The authors conclude: "Autoinflation is a simple, low-cost procedure that can be taught to young children in a primary care setting with a reasonable expectation of compliance."
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Clin Exp Dermatol 2015 Jun 6
Metformin: A New Approach to Acne Therapy?
The use of metformin and a hypocaloric diet significantly improved stubborn acne in young men with an altered metabolic profile.
Women with polycystic ovaries and insulin resistance frequently develop acne. Insulin-like growth factor stimulates production of androgens and the growth of sebaceous glands. Does insulin resistance predispose to acne in men? Would treatment with a hypoglycemic diet and metformin reduce acne in men with an altered metabolic profile?
Investigators studied a group of 20 young men (mean age, 19.5) with acne resistant to common therapies and an altered metabolic profile as defined by elevated fasting glucose level, raised levels of total low-density lipoprotein, low levels of high-density lipoprotein, and waist circumference and body-mass index at the upper limit of normal. Half the group was randomly assigned to receive metformin (500 mg twice daily; group A) and consume a hypocaloric diet low in carbohydrates and rich in fruits, vegetables, and fish. The other half continued their regular diets without metformin (group B). All subjects used a bland detergent to wash and applied an anti-acne cream containing azelaic acid and nicotinamide.
After 6 months, mean Global Acne Grading System (GAGS) scores were reduced significantly in the metformin group (from 25.1 to 14.1; P<0.03) and non-significantly in the non-metformin group (from 24.9 to 19.4; P=0.06). Oral glucose serum levels were also reduced significantly in the metformin group (P<0.04). No metformin-related adverse effects were reported.
Comment: This small study showed a trend for better outcomes with metformin and a hypocaloric diet for group A. A larger study may show significance. Both groups were treated with standard anti-acne therapies that may obscure the true response to metformin and low-caloric diet alone. The hypothesis does make sense. Metabolic syndrome and insulin resistance may well be associated with stubborn acne in men. Metformin decreases hepatic glucose output and increases utilization of glucose by muscle cells and adipocytes, thereby reducing serum insulin levels and effects. A low-caloric, low-carbohydrate diet may also help.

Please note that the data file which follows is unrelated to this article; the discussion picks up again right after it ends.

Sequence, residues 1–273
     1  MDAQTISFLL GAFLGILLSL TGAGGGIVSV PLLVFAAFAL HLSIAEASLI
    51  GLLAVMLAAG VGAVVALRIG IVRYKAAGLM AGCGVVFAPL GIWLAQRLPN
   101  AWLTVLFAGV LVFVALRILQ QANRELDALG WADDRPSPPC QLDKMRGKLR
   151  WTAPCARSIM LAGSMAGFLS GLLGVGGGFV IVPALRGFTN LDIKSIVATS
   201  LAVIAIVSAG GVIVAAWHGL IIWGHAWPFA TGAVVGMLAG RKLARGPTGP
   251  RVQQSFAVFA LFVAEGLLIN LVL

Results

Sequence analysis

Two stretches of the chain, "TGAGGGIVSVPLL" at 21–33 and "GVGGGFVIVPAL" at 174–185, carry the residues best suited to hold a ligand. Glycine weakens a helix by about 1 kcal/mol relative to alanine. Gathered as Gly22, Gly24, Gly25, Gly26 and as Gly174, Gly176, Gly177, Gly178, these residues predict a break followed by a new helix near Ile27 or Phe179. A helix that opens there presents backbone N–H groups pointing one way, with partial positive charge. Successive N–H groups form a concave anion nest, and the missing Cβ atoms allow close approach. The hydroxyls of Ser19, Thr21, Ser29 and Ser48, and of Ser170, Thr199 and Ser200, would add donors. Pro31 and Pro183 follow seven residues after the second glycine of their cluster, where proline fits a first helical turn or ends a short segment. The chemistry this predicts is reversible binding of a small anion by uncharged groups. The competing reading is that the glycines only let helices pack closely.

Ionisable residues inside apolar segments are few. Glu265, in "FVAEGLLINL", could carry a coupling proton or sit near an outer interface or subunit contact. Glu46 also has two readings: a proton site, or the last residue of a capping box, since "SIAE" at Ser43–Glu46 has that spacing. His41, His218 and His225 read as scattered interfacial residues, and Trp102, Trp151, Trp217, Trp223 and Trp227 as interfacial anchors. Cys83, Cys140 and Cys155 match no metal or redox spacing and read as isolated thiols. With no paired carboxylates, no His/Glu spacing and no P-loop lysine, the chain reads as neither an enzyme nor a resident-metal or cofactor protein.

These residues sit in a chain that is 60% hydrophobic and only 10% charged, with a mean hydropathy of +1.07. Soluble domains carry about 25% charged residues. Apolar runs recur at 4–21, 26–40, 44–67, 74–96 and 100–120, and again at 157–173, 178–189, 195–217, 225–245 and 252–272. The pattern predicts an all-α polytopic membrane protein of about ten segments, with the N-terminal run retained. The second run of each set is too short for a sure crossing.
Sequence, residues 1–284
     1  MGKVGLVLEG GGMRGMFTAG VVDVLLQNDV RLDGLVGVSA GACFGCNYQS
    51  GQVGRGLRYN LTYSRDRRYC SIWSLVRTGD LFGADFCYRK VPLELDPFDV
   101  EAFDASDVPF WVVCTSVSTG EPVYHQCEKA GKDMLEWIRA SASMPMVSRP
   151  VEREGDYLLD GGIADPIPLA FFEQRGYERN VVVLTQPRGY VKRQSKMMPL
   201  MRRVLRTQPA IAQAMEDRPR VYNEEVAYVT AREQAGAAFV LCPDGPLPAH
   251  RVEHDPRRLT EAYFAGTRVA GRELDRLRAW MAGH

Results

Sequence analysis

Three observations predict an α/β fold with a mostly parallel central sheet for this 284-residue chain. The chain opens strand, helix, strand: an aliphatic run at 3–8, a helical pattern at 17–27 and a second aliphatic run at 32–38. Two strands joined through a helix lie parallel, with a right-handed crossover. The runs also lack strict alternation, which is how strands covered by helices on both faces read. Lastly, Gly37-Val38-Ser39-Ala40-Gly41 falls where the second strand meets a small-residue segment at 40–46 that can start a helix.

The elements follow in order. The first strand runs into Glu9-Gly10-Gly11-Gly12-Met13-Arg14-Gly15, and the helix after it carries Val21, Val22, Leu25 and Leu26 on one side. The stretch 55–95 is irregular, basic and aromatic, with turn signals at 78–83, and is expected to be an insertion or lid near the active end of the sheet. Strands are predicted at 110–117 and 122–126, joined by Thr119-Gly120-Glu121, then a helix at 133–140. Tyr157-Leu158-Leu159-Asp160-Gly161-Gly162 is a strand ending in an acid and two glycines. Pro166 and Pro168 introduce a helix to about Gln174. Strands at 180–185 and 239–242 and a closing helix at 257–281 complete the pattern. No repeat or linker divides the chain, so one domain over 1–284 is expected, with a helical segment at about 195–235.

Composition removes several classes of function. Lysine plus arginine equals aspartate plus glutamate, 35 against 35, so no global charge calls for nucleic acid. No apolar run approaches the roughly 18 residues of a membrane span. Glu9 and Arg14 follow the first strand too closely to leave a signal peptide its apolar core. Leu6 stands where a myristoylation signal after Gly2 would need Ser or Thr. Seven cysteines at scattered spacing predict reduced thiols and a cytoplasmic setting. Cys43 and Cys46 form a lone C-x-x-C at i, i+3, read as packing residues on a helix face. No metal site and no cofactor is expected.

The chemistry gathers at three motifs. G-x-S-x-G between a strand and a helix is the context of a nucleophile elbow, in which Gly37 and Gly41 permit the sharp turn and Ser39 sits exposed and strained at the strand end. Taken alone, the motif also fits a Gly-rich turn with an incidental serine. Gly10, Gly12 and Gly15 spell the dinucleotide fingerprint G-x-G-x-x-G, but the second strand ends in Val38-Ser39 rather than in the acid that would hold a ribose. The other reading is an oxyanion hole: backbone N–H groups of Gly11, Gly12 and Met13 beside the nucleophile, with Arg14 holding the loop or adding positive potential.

Citation(s):Fabbrocini G et al. Low glycaemic diet and metformin therapy: A new approach in male subjects with acne resistant to common treatments. Clin Exp Dermatol 2015 Jun 6; [e-pub]. (http://dx.doi.org/10.1111/ced.12673)
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MM: Sure. It's fun and exciting to see your baby as its growing inside you or your partner but is it safe? We are constantly assured that it is safe but this article brings to light the possible hidden dangers. I am not saying that we should abandon ultrasounds but it certainly makes sense that fewer might be better.
Fetal Ultrasounds on the Rise — Often Without Medical Indication
By Amy Orciari Herman
U.S. women underwent an average of 5 fetal ultrasounds per delivery in 2014 — up 92% since 2004 — according to a Wall Street Journal report. Medical groups recommend just one to two ultrasounds in low-risk pregnancies.
Among the reasons cited for the increase: clinicians' fear that they will miss something, patients' desire to see and bond with their growing baby, and possible financial motives.
While many clinicians believe that ultrasounds are safe because there's no cancer-causing radiation, most safety studies were performed on equipment made before 1992. Today's equipment emits much stronger acoustic waves than older versions. In addition, animal studies have suggested ill effects from ultrasound exposure, such as neurologic abnormalities and hyperactive behavior. And there's always the concern that too many ultrasounds can lead to false-positives.
One ultrasound scientist told the Journal: "The public needs to be made aware that if you're pregnant ... you don't need to have an ultrasound at every doctor's visit."